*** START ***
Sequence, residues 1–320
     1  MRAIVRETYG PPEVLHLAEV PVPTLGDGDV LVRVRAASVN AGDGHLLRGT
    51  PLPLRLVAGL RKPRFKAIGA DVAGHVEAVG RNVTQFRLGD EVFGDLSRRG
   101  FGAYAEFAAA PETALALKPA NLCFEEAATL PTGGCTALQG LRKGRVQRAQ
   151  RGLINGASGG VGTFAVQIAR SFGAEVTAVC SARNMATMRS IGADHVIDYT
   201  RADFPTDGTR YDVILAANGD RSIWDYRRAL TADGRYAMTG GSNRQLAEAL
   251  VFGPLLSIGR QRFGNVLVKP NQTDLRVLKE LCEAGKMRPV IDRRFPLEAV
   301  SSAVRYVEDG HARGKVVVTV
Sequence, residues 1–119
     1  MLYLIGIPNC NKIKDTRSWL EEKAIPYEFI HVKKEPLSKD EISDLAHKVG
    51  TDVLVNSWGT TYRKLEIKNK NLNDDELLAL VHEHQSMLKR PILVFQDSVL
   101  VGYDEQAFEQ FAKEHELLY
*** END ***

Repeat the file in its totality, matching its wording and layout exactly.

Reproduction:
Sequence, residues 1–320
     1  MRAIVRETYG PPEVLHLAEV PVPTLGDGDV LVRVRAASVN AGDGHLLRGT
    51  PLPLRLVAGL RKPRFKAIGA DVAGHVEAVG RNVTQFRLGD EVFGDLSRRG
   101  FGAYAEFAAA PETALALKPA NLCFEEAATL PTGGCTALQG LRKGRVQRAQ
   151  RGLINGASGG VGTFAVQIAR SFGAEVTAVC SARNMATMRS IGADHVIDYT
   201  RADFPTDGTR YDVILAANGD RSIWDYRRAL TADGRYAMTG GSNRQLAEAL
   251  VFGPLLSIGR QRFGNVLVKP NQTDLRVLKE LCEAGKMRPV IDRRFPLEAV
   301  SSAVRYVEDG HARGKVVVTV
Sequence, residues 1–119
     1  MLYLIGIPNC NKIKDTRSWL EEKAIPYEFI HVKKEPLSKD EISDLAHKVG
    51  TDVLVNSWGT TYRKLEIKNK NLNDDELLAL VHEHQSMLKR PILVFQDSVL
   101  VGYDEQAFEQ FAKEHELLY